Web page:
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Goldendoodle Dog Breed Overview

goldendoodle on the grass
Image Credit: Rena Schild, Shutterstock

The Goldendoodle is a friendly, loyal breed as well. They grow 22 to 26 inches long and weigh between 30 and 45 pounds in adulthood. They have a life expectancy of 10 to 15 years and are affectionate and an excellent choice for families looking for a pet. Just like the section on Cockapoos, we’ll give you the breakdown of the Goldendoodle’s personality, exercise and training needs, health, and breeding, so you can compare the two before making your final decision.

Personality / Character

The Goldendoodle breed is amiable and makes a great pet. It’s a breed that loves socializing and likes to be around its pet parents as much as possible. Loving, affectionate, and eager to please, these dogs also have the Poodle parent’s intelligence. However, they are known for being shy and need to be socialized as puppies to get used to people, so if you’re looking for a guard dog, this isn’t the right fit for you.

Exercise

Goldendoodles have boundless energy. It’s recommended that a Goldendoodle get at least two outside running/walking sessions a day of 25 minutes to help keep them healthy and release any pent-up energy.

They love to swim and enjoy catching sticks and balls, so you’ll have plenty to do with your furry friend. However, it’s also important to note that since Goldendoodles come in different sizes and variations, the amount of exercise needed is going to depend on the Goldendoodle.

Training

Since these dogs are eager to please and very intelligent, training them isn’t hard at all; in fact, some pet parents say it’s a breeze. Goldendoodles can start learning basic commands at 4 months old, but formal training shouldn’t be undertaken until they are between 4 and 7 months old.

Use treats, balls, sticks, and toys as rewards for behaving during training sessions because the Goldendoodle’s love for these items make it easy to train them.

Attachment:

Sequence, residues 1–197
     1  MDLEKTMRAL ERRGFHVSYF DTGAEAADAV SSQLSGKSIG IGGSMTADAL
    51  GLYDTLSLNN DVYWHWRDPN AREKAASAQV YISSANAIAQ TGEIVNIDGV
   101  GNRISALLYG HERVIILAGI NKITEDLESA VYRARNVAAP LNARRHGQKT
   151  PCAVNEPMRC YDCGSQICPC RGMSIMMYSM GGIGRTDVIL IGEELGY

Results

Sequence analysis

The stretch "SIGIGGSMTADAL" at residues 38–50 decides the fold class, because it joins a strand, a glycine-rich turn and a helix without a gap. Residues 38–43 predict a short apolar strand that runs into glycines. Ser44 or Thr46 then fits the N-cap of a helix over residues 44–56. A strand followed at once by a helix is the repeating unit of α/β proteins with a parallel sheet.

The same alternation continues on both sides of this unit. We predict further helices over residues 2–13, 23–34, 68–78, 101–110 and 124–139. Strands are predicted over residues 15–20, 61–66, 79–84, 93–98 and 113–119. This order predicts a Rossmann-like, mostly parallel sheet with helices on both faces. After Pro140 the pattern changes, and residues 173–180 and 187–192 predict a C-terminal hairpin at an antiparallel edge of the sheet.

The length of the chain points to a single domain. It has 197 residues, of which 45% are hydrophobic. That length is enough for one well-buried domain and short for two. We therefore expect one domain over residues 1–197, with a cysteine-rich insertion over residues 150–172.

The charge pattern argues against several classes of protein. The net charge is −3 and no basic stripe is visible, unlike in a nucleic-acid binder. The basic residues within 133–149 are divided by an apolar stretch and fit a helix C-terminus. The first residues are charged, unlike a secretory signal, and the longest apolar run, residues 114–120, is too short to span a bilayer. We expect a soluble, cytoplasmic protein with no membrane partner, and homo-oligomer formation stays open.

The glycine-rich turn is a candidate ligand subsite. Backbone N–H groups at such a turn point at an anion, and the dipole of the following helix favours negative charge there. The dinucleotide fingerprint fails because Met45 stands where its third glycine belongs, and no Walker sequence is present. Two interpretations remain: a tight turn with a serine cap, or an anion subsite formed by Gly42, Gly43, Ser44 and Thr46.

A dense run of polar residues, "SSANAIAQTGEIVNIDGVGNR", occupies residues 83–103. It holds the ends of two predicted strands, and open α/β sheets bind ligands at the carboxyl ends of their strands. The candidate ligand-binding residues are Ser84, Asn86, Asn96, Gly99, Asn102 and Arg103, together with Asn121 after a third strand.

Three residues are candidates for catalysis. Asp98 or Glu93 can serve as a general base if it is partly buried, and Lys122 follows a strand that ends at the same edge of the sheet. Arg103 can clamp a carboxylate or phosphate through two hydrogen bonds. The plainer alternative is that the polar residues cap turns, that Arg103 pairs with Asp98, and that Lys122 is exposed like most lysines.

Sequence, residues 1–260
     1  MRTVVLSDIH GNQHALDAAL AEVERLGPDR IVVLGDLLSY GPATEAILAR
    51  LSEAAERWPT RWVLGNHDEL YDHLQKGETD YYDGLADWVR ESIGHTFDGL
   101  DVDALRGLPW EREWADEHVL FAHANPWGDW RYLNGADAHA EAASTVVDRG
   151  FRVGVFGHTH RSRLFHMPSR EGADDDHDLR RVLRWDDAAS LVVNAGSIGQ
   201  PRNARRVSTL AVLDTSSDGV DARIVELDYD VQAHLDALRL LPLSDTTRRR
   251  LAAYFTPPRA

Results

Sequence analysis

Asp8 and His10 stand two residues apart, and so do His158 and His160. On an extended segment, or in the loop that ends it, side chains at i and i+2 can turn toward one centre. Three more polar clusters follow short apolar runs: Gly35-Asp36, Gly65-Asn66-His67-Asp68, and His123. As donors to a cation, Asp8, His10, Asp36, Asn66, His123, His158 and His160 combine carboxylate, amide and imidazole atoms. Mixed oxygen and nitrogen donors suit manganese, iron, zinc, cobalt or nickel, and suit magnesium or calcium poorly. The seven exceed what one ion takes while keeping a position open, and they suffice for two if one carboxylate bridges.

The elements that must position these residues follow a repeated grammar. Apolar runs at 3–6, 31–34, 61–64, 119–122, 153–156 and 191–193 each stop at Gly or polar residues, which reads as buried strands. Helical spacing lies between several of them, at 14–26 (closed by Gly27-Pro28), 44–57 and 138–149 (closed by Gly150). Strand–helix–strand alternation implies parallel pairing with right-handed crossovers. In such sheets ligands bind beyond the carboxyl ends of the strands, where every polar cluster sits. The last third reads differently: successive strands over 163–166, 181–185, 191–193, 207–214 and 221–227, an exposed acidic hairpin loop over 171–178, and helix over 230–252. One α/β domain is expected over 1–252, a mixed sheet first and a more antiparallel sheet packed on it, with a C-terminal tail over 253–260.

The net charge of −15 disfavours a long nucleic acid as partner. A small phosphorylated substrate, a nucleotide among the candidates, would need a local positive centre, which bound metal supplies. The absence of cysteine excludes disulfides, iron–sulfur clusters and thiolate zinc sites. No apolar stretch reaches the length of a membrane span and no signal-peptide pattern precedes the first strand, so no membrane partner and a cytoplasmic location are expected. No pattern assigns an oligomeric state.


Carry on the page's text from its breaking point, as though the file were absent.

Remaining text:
Goldendoodle playing with a ball at a park
Image Credit: Samuel Haché, Pexels

Health & Care

While Goldendoodles are pretty healthy and don’t have any breed-specific health issues, there are conditions they are prone to that you’ll need to look out for in your furry pal. These conditions include hip dysplasia, epilepsy, and cancer. Minor ailments to look out for include skin and eye disorders.

If you see any troubling symptoms with your Goldendoodle, it’s best to make an appointment with your vet. With both breeds, it’s essential to take the dog to the vet regularly for checkups.

Breeding

The Goldendoodle pup is a cross between a Golden Retriever and a Poodle. First bred in the 1990s, this dog was created to produce a large friendly pet that wasn’t prone to shedding a lot. They are usually medium-sized dogs, but the size can vary due to the parents being different sizes. This is a relatively young crossbreed, so make sure the breeder you choose is reputable.

Goldendoodle sitting near the pier
Image Credit: Josh Fields, Pexels

Suitable For:

Goldendoodles make great pets for families and are energetic, playful, and eager to please. Depending on the size of the Goldendoodle you choose, they can live in apartments or large houses. Any Goldendoodle is going to need to be exercised and played with, so if you’re not one to get out in the yard or go for walks, you might want to choose another breed.

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Which Breed Is Right for You?

The Cockapoo and Goldendoodle breeds are some of the most affectionate and loving Doodles of the Doodle family. Both are unique, gorgeous, and eager to please. If you’re looking for a smaller dog, the Cockapoo could be the best choice for you. However, if you’re looking for a medium-sized dog, you might want to go with the Goldendoodle breed instead.

Whatever you choose, it’s important to realize that taking care of any animal is a huge responsibility, and these dogs are no exception.


Featured Image Credit: Top, Cockapoo (mountraintreks, Shutterstock) | Bottom, Goldendoodle (anetapics, Shutterstock)